Our kids live in a high pressure world, with so many expectations. How to look, what grades to get, who to hang out with, when to start partying, where to go after school years, what to post on social media… It’s no wonder they are stressed. BUT they need to understand and accept these pressures are part of their lives and how to cope, how to be resilient. We don’t just know how to be resilient, or what resilience even is, so we need to be taught. Resilience, and how to be resilient differs for everyone, so it’s vital we teach students different strategies they can employ to persevere/bounce back/be resilient through various situations.
So what are some strategies to increase mental health?
A question with an answer which is individualistic. Because we all respond to situations in different ways, and feel different levels of emotions, we all require different strategies or interventions to support us to feel better, to be resilient. Some of the strategies I teach my students about include sleep, self talk, assertive communication, time management and mindfulness. There are dozens of websites and applications to support mental health too such as The Low Down, Reach Out, and Headspace (I’m sure there are others specific for other countries too). These strategies may be taught to students, but are useful for our own wellbeing too…
But, what about me and our staff?
Teacher wellbeing and teacher burnout are frequently referred to, but not actually spoken about, I believe. We do have heavy workloads, we do take on lots of roles, we do care a lot about our students – but we do also have lives outside of work. Teaching is more than a job, I would argue is a considerable part of our lifestyle and personality, but teaching is still a job. Therefore, like the students, we need to learn to recognize feelings, when these feelings become too much and then what to do about them to be able to manage. The above strategies (as well as many more) can support us to be able to manage our heavy workload, our 2am thinking about lessons and the days we should have stayed in bed but just couldn’t face writing the relief. We are people first. Teachers second. We often forget this, but like the importance of exercise and nutrition for physical health, we need to practice strategies for our mental health to reduce the chance of said burnout.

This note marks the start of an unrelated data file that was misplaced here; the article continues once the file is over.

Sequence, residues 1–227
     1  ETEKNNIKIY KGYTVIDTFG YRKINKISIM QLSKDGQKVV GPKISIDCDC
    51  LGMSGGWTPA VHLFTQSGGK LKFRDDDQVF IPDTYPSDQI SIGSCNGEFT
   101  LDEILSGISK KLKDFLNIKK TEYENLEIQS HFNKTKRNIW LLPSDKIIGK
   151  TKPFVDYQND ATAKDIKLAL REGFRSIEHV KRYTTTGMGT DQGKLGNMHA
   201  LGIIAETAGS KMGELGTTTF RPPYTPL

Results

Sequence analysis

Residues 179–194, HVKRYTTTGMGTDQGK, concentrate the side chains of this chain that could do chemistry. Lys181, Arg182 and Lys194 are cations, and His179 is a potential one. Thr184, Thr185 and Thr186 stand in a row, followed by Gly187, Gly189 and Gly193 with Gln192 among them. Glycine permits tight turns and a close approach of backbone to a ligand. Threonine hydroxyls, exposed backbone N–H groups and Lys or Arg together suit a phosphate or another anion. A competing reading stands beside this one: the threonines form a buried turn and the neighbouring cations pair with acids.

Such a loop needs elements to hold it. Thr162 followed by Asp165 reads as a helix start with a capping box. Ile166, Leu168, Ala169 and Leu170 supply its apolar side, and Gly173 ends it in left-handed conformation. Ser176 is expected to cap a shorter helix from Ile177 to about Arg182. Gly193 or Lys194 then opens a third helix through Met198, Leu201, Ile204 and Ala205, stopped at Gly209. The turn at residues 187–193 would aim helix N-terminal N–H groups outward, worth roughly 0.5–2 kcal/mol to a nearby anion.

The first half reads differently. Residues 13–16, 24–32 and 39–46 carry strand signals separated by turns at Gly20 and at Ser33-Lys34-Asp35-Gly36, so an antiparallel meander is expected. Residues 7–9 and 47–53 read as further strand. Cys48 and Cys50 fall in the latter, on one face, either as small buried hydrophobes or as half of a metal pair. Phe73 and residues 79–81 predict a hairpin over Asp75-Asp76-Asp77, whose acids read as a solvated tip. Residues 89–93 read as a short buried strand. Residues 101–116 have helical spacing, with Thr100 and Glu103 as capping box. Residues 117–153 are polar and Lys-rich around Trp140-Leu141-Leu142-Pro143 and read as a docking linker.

REMEMBER: Someone who is suffering from a mental illness is still a person. Is still the same friend/student/person you knew before they felt how they are feeling. Teachers are not trained counsellors, only counsellors are trained counsellors, so it’s not our job to counsel. However, it is our job to educate. To listen. To support. To be understanding. If you recognize someone is in need of professional help, whether they are 15 or 50, suggest strategies to support them, offer them places to go to seek help, and most importantly be a listening, non judgmental ear if and when they need it.
If you take anything from this post please let it be this: If anyone opens up to you, NEVER tell them they’ll be ok, to get over it or to ‘man up’ – just like you’d never say that to someone with a physical illness.
Georgia has previously blogged for #slowchathealth where she shared a health model that encapsulates the Māori philosophy of wellbeing in Te Whare Tapa Whā.
You might like to check out 20 iOS apps for meditation.
Remember, ALL teachers across the world get FREE access to the premium features of the Calm app. Find out more in Year of Calm.
9 thoughts on “Mental Health ≠ Mental Illness”
That video on “the black dog” is so powerful.
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This is brilliant. Well done.
Ilse Fullarton The Children’s Health Project CIC Founder, CEO & Director
A: Meadowcroft House, 182 Balcombe Road, Horley, Surrey, RH6 9ER E: firstname.lastname@example.org W: http://www.childrenshealthproject.com M: +44 7841 206181
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I missed this one, Andy. Great insight & advice.